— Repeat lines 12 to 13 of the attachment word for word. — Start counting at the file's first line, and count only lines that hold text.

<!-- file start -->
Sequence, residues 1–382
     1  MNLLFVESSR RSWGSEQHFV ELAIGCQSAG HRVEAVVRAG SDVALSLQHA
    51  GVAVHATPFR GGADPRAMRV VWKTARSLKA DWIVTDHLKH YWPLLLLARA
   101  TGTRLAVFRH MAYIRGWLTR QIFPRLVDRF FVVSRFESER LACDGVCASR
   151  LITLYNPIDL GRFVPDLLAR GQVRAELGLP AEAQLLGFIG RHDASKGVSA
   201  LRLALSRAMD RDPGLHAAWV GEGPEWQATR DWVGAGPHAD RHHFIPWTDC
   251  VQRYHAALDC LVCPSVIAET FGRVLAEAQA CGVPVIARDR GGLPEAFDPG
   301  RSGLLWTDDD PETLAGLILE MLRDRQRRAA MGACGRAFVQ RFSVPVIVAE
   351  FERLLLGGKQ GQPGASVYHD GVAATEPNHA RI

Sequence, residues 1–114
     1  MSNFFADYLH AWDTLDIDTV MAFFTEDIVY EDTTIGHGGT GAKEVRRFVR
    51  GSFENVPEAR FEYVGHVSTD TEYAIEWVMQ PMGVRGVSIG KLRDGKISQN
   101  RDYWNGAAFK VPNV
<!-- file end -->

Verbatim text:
    51  GSFENVPEAR FEYVGHVSTD TEYAIEWVMQ PMGVRGVSIG KLRDGKISQN
   101  RDYWNGAAFK VPNV